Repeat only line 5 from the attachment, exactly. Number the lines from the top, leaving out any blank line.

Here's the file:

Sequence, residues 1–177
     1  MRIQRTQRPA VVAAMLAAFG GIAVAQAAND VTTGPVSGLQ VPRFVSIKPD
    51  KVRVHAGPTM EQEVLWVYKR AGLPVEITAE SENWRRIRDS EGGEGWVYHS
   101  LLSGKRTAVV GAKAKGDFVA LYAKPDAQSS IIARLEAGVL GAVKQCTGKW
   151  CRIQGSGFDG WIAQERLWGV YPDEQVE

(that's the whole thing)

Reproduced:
   151  CRIQGSGFDG WIAQERLWGV YPDEQVE